Diana Chamma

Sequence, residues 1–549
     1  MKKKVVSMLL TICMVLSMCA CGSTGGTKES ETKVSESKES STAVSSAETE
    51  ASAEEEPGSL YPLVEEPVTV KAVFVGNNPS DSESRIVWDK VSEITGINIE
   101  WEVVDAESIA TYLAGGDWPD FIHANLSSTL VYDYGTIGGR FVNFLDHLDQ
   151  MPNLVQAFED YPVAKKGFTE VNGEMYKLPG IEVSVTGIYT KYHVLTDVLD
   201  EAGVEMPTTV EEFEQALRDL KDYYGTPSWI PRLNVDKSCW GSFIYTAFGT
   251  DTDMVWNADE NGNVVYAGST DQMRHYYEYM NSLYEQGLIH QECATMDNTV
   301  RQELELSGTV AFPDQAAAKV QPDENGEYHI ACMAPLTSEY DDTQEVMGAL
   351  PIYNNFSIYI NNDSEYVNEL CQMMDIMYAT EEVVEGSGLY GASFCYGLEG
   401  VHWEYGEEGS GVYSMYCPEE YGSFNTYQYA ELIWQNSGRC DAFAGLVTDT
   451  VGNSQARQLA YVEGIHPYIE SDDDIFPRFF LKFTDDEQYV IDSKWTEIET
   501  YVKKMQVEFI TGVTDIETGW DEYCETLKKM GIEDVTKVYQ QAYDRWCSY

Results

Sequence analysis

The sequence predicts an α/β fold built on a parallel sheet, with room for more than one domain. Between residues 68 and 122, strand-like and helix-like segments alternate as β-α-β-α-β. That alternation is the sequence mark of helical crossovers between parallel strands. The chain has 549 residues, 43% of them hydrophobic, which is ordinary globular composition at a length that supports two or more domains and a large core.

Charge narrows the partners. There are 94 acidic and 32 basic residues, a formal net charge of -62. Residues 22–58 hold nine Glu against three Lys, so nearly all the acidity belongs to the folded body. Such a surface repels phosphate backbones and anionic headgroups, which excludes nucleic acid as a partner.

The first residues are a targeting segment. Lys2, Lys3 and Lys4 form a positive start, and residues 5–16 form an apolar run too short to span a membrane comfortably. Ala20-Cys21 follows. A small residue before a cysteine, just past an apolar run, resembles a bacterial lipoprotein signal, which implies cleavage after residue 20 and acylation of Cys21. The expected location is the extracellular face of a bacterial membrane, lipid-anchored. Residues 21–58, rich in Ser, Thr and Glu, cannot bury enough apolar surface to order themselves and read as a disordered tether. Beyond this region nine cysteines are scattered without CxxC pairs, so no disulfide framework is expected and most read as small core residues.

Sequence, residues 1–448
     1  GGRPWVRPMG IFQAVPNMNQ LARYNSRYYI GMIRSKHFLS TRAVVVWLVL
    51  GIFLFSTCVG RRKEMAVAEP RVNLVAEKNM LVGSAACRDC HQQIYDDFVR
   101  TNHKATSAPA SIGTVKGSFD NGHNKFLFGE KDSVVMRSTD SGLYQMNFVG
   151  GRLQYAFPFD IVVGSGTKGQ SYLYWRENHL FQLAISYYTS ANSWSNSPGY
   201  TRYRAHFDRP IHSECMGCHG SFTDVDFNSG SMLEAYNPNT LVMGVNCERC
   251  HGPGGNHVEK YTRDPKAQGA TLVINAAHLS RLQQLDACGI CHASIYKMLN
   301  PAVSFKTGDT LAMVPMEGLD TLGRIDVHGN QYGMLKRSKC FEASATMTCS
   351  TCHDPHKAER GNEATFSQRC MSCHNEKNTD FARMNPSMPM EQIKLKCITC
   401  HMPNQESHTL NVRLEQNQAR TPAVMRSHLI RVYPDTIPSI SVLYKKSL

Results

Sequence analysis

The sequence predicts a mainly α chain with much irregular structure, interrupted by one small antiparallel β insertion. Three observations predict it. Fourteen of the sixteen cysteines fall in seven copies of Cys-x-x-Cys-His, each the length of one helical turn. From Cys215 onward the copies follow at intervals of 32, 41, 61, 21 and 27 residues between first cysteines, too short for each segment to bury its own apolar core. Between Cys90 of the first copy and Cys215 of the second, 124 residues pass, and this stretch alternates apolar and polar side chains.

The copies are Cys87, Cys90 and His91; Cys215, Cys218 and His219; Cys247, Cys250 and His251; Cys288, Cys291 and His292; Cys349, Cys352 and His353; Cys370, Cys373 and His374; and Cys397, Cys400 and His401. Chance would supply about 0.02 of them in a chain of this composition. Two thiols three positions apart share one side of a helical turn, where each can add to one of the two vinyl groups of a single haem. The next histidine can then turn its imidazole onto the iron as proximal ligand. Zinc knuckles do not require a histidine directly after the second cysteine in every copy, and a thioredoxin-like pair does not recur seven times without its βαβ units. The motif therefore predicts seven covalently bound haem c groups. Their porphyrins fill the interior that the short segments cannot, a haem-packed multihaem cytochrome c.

'The underlying experience of "Time Out of Joint" (Philip K. Dick) and "The Truman Show" (Peter Weir's) is that the late capitalist consumerist California paradise is, in its very hyper-reality, in a way IRREAL, substanceless, deprived of the material inertia.' 'Again, the ultimate truth of the capitalist utilitarian despiritualized universe is the de-materialization of the "real life" itself, its reversal into a spectral show.' 'The Watchowski brothers' hit "Matrix" (1999) brought this logic to i 'The underlying experience of "Time Out of Joint" (Philip K. Dick) and "The Truman Show" (Peter Weir's) is that the late capitalist consumerist California paradise is, in its very hyper-reality, in a way IRREAL, substanceless, deprived of the material inertia.' 'Again, the ultimate truth of the capitalist utilitarian despiritualized universe is the de-materialization of the "real life" itself, its reversal into a spectral show.' 'The Watchowski brothers' hit "Matrix" (1999) brought this logic to its climax: the material reality we all experienced and see around us is a virtual one, generated and coordinated by a gigantic mega-computer to which we are all attached...' 'When we hear how the bombings (9/11) were a totally unexpected shock, how the unimaginable 'Impossible' happened, one should recall the other defining catastrophe from the beginning of the 21st century, that of "Titanic": it was also a shock, but the space for it was already prepared in ideological fantasizing, since "Titanic" was th symbol of the might of the 19th century industrial civilization. Does the same not hold also for these bombings? Not only were the media bombarding us all the time with the talk about terrorist threat; this threat was also obviously libidinally invested--just recall the series of movies from "Escape from New York to Independence Day. The unthinkable which happened was thus the object of fantasy: in a way, America got what it fantasized about, and this was the greatest surprise.' 'Is, consequently, Osama Bin Laden, the suspected mastermind behind the bombings, not the real-life counterpart of Ernst Stavro Blofeld, the master-criminal in most of James Bond films, involved in the acts of global destruction.' 'Whenever we encounter such a purely evil 'Outside,' we should gather the courage to endorse Hegelian lesson: in his pure 'Outside', we should recognize the distilled version of our own essence.' 'Cruel and indifferent as it may sound, we should also, now more than ever, bear in mind that the actual effect of these bombings is much more symbolic than real.' 'The U.S just got the taste of what goes on around the world on a daily bases, from Sarajevo to Grozny, from Rwanda and Congo to Sierra Leone.' 'Now, we are forced to strike back, to deal with real enemies in the real world... However, WHOM to strike? Whatever the response, it will never hit the RIGHT target, bringing us full satisfaction. The ridicule of America attacking Afghanistan cannot but strike the eye: if the greatest power in the world will destroy one on the poorest countries in which peasant barely survive on barren hills, will this not be the ultimate case of the impotent acting out?' 'When, after the bombings, even the Taliban minister said that he can "feel the pain" of the American children, did not thereby confirm the hegemonic ideological role of his Bill Clinton's trademark phrase?' '... when a New Yorker commented on how, after the bombings, one can no longer walk safely on the city's streets, the irony of it was that, well before the bombings, the streets of New York were well-known for the dangers of being attacked or, at least, mugged- if anything, the bombings gave rise to a new sense of solidarity, with the scenes of young African-Americans helping an old Jewish gentlemen to cross the street, scenes unimaginable a couple of days ago.' 'Or, America will finally risk stepping through the fantasmatic screen separating it from the 'Outside World,' accepting its arrival into the 'Real World,' making the long-overdued move from "A thing like this should not happen HERE!" to "A thing like this should not happen ANYWHERE!" 'Therein resides the true lesson of the bombings: the only way to ensure that it will not happen HERE again is to prevent it going ANYWHERE ELSE.'